The problem is that, as in many other conflict and post-conflict countries, security-related issues are among the most sensitive and controversial in Myanmar’s peace process. There appear to be irreconcilable differences in the positions on both sides, and so far very little time has been allocated to discussing these positions.

Just agreeing on a word to describe these discussions was difficult. Disarmament, demobilisation and reintegration, or DDR, is a widely used term internationally. Ethnic armed groups do not like the word “disarmament”, however – instead, they prefer the expression “security sector reform”, but the Tatmadaw prefers DDR. During Nationwide Ceasefire Agreement negotiations, they agreed to use the catch-all term “security reintegration” instead, but it was never defined.

Although several negotiating sessions on security reintegration were held before the deadlock began in 2018, they took place without an established agenda. Discussions were all over the place – they were neither well organised nor well structured.

Initially, the main theme that emerged from formal and informal security dialogues before the deadlock was the idea of “a single unified army”, but the views of ethnic armed groups have diverged from this in recent years. Instead, they have begun floating the idea of a Union army that includes more distinct ethnic components. Still, none of these ideas have much detail or specificity to them.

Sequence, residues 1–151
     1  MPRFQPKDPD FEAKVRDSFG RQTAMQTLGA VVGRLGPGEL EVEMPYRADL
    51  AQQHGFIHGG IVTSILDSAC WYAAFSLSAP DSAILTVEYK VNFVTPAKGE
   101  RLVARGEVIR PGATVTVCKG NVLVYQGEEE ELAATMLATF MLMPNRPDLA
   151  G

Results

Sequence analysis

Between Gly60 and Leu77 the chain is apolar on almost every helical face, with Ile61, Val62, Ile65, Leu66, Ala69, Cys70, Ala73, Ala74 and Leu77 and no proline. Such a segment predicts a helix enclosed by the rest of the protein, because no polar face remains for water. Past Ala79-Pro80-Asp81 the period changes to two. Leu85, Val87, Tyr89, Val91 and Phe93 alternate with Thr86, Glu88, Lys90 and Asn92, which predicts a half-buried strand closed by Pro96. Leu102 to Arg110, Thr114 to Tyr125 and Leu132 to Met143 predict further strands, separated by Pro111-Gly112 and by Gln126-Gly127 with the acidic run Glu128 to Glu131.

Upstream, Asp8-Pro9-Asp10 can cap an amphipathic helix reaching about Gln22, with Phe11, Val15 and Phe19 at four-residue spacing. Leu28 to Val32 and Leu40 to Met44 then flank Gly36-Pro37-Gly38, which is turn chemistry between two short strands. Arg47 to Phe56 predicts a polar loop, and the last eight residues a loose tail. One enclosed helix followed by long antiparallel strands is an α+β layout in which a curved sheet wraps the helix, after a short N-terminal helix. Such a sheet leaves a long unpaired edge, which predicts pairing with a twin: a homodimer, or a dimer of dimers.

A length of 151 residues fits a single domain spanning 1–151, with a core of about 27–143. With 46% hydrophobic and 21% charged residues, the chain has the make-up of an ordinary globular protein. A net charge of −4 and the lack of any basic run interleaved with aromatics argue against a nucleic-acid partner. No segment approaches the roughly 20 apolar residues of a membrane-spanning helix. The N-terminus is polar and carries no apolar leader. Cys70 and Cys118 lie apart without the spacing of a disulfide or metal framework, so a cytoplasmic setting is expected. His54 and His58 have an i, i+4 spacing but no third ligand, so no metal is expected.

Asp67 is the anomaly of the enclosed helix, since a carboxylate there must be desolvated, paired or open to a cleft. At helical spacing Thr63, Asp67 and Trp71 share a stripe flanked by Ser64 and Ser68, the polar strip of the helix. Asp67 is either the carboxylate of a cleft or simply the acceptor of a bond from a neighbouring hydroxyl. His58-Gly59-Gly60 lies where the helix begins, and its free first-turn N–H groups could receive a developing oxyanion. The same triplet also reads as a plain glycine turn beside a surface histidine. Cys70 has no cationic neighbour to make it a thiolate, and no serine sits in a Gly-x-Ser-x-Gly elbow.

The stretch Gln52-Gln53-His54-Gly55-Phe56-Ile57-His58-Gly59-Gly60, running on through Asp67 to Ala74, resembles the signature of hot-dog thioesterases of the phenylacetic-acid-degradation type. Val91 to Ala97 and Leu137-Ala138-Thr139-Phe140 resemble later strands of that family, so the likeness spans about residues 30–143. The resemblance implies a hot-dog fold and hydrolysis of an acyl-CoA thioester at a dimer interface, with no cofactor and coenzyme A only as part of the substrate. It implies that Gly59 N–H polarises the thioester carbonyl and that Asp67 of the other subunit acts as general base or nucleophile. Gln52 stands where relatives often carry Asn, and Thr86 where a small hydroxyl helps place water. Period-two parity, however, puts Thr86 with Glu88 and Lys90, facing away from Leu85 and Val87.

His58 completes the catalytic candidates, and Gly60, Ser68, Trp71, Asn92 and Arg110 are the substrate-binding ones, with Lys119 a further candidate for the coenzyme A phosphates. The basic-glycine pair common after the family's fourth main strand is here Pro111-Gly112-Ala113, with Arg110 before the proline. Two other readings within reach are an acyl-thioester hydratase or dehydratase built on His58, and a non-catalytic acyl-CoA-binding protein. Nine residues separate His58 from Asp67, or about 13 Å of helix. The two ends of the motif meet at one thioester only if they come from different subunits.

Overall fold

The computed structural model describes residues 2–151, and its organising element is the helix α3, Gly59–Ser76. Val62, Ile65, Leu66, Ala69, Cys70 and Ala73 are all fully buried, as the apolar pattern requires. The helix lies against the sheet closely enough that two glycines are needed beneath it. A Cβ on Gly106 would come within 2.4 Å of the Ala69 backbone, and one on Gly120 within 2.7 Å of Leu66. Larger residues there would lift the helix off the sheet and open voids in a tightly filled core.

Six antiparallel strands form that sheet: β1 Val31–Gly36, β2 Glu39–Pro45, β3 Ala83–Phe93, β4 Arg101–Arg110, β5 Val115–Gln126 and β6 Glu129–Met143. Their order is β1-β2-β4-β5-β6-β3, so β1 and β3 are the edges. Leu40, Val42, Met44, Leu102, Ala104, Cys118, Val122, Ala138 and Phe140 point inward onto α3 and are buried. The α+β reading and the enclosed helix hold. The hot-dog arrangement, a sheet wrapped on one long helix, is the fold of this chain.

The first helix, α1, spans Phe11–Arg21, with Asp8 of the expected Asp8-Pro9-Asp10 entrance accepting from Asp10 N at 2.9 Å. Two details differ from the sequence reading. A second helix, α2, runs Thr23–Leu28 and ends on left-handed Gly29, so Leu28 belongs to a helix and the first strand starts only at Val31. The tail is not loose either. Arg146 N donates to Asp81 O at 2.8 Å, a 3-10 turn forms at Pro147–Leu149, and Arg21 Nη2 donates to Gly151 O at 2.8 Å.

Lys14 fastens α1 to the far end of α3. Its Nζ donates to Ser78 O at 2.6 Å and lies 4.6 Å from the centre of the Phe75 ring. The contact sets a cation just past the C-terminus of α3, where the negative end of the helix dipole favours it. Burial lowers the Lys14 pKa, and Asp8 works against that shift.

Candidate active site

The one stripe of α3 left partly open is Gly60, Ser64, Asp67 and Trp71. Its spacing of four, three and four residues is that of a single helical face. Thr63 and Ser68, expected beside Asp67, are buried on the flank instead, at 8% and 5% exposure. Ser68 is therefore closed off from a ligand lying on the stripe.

The prolonged deadlock from late 2018 created time constraints: negotiators felt they needed to reach agreements before the election season got underway. When talks resumed at the start of this year, priority was understandably given to political negotiations concerning federalism. As a result, negotiators have not even been able to establish an agenda on security reintegration, let alone bring about any tangible results.

There are differing views on whether security issues should really be raised at this time. While acknowledging that they are critical to the peace process, some argue that focusing on security integration now will likely bog down negotiations.

Some have suggested that new, more neutral terms be coined to address the issues of disarmament and security sector development to allay fears on all sides. This might help, but to overcome the sensitivities all sides must undertake strategic confidence-building initiatives and regular informal talks. Without these, any formal negotiations will quickly hit roadblocks.

Perhaps most important of all, though, is an agreed-upon definition of security reintegration tailored to Myanmar’s context. Maybe the best way to reach this is to follow the approach at the recent Union Peace Conference toward federal principles – start broad and then dig into the details. Such an approach would allow negotiators to come up with an established agenda and formula for negotiations. Once the basic principles are negotiated, all sides can discuss practicalities such as sequencing, scheduling and timeframe in regard to the implementation.   

Amid the recent flurry of negotiations, security reintegration remains missing in action. I hope these suggestions may be useful for pursuing security negotiations in the near future.